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Matt and I wrote this FAQ for the game after launch, as we weren't given as much space as we wanted on the back of the box and had to keep the rules brief and unillustrated.
The aim of the game is to collect the most presents for your character! Cut out the tiles and character strip from the pack. Each player picks one of the four Christmas characters. Place the character strip in the centre of the table and shuffle the tiles into a face down pile. Players take turns to draw and play a tile to build chimneys to get presents to their character, or away from other characters. The first tile played must connect to one of the chimneys at the bottom. The rest of tiles drawn must be placed next to an existing tile or to cover up an existing tile, but there can be gaps on the tile board. Chimneys can't be joined onto blank edges of tiles, but you can make your chimneys as wide or as tall as you can to try and get the most presents!
Whenever you draw a tile with a present on it, there is a present drop! Presents fall down the chimneys before you even play the tile! From the top of each chimney, starting from the top, trace how a present would fall through the chimney. Presents only fall through the top of each column, and if one passes through the "x2" chimney, It becomes two presents. Keep score of how many presents you receive.
After the last tile is played, there is one extra present drop, and then the game ends. The player whose character received the most presents wins!
Should the game be played within the frame of the box?
No. You just need to cut out the strip of characters and connect the chimney tiles from there. Keep the strip, keep the tiles, eat the chocolate and throw the rest away.
Do I have to place the tile in the direction that I drew it from the pile?
No, you can turn them around and place them facing whichever way you like.
How do the T-junction chimneys work - which way do the presents go?
The diagram on the right shows how presents fall through chimney junctions when they enter through the side branch. (We wanted to get this diagram on the box, but there wasn't room.) Just imagine how the presents would fall through if you dropped them down a curved, slippery pipe in real life - the speed is enough to carry them around the corners.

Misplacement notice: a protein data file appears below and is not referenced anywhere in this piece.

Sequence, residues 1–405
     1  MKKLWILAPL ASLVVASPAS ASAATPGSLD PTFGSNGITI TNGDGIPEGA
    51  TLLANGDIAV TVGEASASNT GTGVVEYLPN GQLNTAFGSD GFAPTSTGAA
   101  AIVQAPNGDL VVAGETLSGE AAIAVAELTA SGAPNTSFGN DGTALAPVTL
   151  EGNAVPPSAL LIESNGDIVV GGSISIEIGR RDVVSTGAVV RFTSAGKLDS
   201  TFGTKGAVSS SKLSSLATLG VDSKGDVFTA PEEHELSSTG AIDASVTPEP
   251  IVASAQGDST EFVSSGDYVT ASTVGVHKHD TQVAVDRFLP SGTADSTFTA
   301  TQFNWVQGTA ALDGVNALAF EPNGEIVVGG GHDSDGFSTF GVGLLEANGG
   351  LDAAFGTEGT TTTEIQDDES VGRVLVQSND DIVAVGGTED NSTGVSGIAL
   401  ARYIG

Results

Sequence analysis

If I join up two chimneys, do I get two presents?
If you're clever enough to do this, then yes! The example picture shows that the columns above C and D both end up in C's chimney.
What happens if there is a gap in a chimney?
A falling present falls through the gap. As shown in the bottom right and top right corners of the diagram, if they fall out into open space, they just drop straight down (and will land in a chimney or fireplace if there's one there). Presents will also drop through the gap in the double-dead-end piece.
Can chimneys be built out to the sides?
Yes, that's fine. If you start building out to the sides, presents also start dropping in those columns, so you can get more than four presents in a turn!
Do I have to place all my tiles on my own chimney?
No. In fact, if you are feeling un-festively nasty you might try to stop presents from getting to other people's chimneys...
What's the point of the curved chimney? If you draw it as the first tile will you lose your present?
Curved chimneys are good for connecting a horizontal chimney to the open sky, or for blocking off one of your opponent's chimneys. And the present drop happens before you place the tile, so if it's the first tile you draw, you'll still get a present.
What happens to presents that get stuck at dead ends of chimneys?
These presents are lost - nobody gets them, not even if the dead-end tile is replaced later.
The crossroad-shaped pieces - are they two chimneys crossing over, or one chimney and two blocked ends joined onto it?
It's two chimneys crossing over. If you drop a present into the "back" chimney, it will come out the other end.
Can presents travel along horizontal chimney sections?
Once they get into them by going around a corner, yes. They're quite slippery chimneys.
What happens if a present hits the outside of a chimney?
If a present lands on top of a horizontal chimney section, or on the curved side of a curved section, then the present is lost. Presents have to drop into a chimney to count.
Should we cut the character strip at the bottom into four tiles?
No, they're meant to stay as a single strip, but it doesn't matter if you've cut them out by mistake (or have done so to make the game more portable) - just put them back together in a line, in any order, before you play.
Are there any other ways to play Present Drop?
Yes! Here are a few variations you could try:-
- Add tiles from another set of Present Drop. For every four tiles you add be sure to include at least one with a Present Drop icon.
- Suggested by John H: play with the tiles from multiple copies of the game, but give each player their own private draw pile. (So they all have the same sixteen tiles to play with, just in a randomly shuffled order.)
- For two players try playing two characters each: Spots versus Stripes.
- Instead of drawing and playing a tile, each player has a "hand" of three tiles. On your turn, you choose and play one tile from your hand and then draw one to replace it (if there are any left).
- Cut up some blank cardboard squares and draw your own set of tiles.
We're working on some other, more elaborate variations. (Returning covered-up tiles to the bottom of the draw pile makes for a rather more toothsome German-style game, but it needs polishing.)
- Last edited Fri Nov 4, 2016 1:24 pm (Total Number of Edits: 1)
- Posted Fri Nov 4, 2016 12:13 pm